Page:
1.8 Reflectance

Reflectance is defined as the ratio of incident flux on a sample surface to reflected flux from the surface as shown in Figure 1.8.1. Reflectance ranges from 0 to 1. Reflectance was originally defined as a ratio of incident flux of white light to reflected flux in a hemisphere direction. Equipment to measure reflectance are called spectrometers (see 2.6).

Albedo is defined as the reflectance using the incident light source from the sun. Reflectance factor is sometime used as the ratio of reflected flux from a sample surface to reflected flux from a perfectly diffuse surface. Reflectance with respect to wavelength is called spectral reflectance as shown for a vegetation example in Figure 1.8.2. A basic assumption in remote sensing is that spectral reflectance is unique and different from one object to an unlike object.

Reflectance with a specified incident and reflected direction of electro-magnetic radiation or light is called directional reflectance. The two directions of incident and reflection have can be directional, conical or hemispherical making nine possible combinations.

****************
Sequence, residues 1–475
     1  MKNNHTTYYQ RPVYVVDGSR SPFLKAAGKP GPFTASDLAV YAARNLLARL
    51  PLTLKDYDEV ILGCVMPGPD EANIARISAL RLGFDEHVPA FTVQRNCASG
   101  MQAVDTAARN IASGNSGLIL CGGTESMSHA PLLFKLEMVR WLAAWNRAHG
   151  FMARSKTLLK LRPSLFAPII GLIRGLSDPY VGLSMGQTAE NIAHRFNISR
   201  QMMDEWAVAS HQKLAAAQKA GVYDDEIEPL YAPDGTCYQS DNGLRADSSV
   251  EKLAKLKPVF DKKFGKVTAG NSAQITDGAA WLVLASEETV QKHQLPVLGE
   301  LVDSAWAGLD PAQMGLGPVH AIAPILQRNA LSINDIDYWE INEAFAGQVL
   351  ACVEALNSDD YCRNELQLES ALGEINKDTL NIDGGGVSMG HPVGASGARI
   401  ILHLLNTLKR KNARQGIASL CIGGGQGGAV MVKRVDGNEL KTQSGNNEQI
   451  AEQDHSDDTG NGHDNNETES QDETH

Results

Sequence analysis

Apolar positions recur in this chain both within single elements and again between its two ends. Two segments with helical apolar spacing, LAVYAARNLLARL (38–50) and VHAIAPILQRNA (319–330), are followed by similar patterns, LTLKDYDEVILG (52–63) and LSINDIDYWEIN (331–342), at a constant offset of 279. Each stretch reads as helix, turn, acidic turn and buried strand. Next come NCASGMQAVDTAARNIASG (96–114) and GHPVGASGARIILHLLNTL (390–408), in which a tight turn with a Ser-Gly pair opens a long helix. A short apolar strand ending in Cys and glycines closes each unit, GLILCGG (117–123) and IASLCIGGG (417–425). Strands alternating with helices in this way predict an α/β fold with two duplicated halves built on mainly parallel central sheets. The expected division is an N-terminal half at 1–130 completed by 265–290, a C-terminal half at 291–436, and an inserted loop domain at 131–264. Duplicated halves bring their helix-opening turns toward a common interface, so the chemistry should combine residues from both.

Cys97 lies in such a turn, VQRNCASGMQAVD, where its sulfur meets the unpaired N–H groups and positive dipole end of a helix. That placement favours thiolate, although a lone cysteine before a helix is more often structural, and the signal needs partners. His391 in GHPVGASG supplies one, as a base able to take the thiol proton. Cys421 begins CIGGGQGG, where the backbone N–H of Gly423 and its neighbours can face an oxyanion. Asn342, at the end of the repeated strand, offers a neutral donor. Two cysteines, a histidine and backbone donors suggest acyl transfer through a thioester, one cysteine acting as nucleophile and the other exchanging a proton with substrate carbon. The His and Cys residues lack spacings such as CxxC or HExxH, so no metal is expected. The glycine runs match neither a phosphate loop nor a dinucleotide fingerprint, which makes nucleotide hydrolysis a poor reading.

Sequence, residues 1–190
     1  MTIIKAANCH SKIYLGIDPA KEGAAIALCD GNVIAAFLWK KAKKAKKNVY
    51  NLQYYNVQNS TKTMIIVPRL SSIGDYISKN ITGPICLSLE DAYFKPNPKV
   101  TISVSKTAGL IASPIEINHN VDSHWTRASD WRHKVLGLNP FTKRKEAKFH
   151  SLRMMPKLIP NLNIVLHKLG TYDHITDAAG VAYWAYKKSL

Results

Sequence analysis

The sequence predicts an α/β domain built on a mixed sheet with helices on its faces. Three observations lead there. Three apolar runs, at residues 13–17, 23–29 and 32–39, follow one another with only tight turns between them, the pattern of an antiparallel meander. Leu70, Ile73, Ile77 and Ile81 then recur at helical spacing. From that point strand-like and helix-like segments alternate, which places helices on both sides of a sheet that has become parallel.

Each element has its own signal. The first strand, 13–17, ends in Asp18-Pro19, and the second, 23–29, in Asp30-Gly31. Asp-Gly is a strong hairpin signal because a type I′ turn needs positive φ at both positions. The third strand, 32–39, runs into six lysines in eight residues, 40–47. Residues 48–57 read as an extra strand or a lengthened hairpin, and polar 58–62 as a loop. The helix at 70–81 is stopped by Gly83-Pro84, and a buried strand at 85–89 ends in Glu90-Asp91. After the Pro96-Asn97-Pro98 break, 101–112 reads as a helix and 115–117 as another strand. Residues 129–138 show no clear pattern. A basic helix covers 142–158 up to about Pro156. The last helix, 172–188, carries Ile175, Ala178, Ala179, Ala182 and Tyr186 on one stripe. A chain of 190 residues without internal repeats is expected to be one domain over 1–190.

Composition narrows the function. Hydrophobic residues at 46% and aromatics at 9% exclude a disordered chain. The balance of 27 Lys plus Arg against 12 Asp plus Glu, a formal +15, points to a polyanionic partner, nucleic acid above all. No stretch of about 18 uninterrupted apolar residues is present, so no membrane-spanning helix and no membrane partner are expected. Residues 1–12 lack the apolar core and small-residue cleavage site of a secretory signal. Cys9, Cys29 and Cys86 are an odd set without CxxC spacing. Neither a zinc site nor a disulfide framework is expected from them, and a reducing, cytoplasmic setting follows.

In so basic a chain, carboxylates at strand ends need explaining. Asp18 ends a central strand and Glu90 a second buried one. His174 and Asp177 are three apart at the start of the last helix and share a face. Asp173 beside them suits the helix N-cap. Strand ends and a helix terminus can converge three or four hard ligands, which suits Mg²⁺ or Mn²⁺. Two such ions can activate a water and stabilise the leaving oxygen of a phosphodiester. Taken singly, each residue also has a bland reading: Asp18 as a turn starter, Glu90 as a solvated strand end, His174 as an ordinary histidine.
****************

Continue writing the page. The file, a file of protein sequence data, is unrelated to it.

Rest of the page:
For example, if incident and reflection are both directional, such reflectance is called bidirectional reflectance as shown in Figure 1.8.3. The concept of bidirectional reflectance is used in the design of sensors.

Remarks; A perfectly diffuse surface is defined as a uniformly diffuse surface with a reflectance of 1, while the uniformly diffused surface, called a Lambertian surface, reflects a constant radiance regardless of look angle.

The Lambert cosine law which defines a Lambertian surface is as follows:

I ( ) = In .cos where I( ): luminous intensity at an angle of from the normal to the surface.
In : luminous intensity at the normal angle